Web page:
The oldest of all the inter-university sporting contests is the Varsity Cricket Match, first played in 1827, two years before the first Boat Race took place.
This station is the first of a section that used to be mainline railway.
Another stop with a sporting connection – this is the local station for the world’s most famous tennis championship – Wimbledon. Although I have already given this station a full post, I show this picture again…
The second to last stop on our journey.
As we approach this station, we first join up with the mainline services from Waterloo coming in from Earlsfield, and then with Thameslink services coming in from Haydons Road. Wimbledon is also one terminus of the London Tram system. Along the north side of the tracks as one approaches Wimbledon runs Alexandra Road, and we pass underneath a bridge carrying Gap Road across the tracks to a junction.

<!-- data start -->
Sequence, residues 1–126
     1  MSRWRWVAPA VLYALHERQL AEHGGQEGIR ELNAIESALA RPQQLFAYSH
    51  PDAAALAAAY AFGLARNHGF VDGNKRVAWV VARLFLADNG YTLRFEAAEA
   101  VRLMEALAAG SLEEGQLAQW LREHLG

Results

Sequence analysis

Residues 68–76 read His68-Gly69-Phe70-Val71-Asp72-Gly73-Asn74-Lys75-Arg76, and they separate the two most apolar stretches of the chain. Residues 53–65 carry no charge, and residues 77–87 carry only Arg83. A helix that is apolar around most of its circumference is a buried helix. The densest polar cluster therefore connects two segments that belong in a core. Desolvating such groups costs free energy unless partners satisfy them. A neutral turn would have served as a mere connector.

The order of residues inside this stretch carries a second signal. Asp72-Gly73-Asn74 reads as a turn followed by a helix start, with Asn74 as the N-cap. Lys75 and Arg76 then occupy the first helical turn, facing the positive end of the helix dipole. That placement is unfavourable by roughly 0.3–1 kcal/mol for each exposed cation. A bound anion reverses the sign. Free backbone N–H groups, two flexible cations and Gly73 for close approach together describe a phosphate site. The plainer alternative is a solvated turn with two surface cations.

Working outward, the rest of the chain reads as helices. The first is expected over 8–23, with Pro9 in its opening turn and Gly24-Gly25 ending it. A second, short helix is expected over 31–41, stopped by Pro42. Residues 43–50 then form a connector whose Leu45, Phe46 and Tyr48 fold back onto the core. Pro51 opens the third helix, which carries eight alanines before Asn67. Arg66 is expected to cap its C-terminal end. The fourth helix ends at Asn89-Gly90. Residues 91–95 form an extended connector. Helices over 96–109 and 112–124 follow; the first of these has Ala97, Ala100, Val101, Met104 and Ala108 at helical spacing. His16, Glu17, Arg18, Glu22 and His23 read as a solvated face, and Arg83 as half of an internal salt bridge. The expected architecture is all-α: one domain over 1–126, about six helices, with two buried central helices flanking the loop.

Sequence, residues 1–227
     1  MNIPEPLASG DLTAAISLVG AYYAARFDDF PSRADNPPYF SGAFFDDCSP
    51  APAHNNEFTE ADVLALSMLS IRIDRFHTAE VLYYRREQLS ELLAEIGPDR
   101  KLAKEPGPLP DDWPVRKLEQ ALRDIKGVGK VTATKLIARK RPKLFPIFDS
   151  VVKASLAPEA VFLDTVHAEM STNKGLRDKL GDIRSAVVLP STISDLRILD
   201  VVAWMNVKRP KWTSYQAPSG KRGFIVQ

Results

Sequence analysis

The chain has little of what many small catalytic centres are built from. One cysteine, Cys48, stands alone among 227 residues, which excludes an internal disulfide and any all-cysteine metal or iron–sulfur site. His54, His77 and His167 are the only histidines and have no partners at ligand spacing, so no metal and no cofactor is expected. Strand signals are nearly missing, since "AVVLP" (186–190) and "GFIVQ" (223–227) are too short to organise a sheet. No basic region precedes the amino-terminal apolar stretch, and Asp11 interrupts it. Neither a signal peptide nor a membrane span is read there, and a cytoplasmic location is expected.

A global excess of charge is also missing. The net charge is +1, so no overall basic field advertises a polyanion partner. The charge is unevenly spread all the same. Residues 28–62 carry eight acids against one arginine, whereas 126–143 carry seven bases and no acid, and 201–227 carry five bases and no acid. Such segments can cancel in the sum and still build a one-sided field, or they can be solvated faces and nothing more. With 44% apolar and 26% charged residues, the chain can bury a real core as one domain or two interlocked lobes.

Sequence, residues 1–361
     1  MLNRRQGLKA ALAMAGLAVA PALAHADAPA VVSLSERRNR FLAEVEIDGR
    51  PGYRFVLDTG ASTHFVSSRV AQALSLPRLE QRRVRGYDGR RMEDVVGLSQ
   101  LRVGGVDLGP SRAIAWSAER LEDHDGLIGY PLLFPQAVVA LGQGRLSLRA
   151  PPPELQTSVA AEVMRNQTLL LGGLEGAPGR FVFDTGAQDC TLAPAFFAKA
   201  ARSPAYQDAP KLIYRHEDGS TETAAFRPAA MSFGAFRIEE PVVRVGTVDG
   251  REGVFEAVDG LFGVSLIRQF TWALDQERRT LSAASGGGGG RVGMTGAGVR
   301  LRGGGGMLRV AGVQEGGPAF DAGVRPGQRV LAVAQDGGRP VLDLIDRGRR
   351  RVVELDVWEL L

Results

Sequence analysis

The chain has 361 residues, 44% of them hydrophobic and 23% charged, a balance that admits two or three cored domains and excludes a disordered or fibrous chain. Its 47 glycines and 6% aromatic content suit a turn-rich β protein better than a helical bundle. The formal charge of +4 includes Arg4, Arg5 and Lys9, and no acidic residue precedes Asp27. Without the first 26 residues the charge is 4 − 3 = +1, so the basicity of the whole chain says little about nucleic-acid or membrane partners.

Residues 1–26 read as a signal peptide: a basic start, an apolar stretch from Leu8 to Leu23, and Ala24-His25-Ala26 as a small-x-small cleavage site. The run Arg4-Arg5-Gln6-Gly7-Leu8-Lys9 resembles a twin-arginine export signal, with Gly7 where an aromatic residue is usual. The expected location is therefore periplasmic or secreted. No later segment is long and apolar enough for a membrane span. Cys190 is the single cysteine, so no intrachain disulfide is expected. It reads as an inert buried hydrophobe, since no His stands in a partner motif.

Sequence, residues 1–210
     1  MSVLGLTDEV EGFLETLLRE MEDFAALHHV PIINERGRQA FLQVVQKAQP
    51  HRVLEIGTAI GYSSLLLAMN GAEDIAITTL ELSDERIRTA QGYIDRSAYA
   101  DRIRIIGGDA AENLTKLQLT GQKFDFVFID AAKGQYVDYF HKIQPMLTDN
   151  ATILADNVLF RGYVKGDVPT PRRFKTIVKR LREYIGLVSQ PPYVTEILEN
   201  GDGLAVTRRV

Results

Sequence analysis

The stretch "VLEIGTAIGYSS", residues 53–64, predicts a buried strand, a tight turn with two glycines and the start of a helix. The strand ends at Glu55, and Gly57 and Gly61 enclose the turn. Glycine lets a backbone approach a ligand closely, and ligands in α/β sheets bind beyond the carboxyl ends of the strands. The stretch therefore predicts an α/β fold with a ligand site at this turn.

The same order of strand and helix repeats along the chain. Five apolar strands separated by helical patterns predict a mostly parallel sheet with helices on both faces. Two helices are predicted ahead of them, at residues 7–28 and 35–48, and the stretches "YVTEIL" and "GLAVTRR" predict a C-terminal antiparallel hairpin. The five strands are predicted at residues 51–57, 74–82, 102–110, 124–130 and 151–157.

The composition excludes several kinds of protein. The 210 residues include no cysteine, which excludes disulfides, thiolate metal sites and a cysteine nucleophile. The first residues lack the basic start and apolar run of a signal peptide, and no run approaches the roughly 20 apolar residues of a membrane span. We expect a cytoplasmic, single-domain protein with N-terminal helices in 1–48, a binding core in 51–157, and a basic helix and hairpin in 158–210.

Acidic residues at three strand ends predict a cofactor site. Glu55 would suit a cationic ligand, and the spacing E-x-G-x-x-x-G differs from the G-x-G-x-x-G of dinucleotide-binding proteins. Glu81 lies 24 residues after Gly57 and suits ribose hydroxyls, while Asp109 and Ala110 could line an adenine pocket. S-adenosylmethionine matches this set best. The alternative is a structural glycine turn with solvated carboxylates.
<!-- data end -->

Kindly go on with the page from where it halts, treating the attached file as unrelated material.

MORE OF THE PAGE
ODDS AND ENDS
I have a few promotional pictures still to share, and some maps to round out this post. Other than that, I hope you enjoyed the ride…
The Metropolitan line’s Uxbridge branch, on which Ickenham is located, opened in 1904. The District line started running services along there in 1910, and these were subsequently switched to the Piccadilly line in the 1930s. Central line services were extended to their current western terminus at West Ruislip in 1948.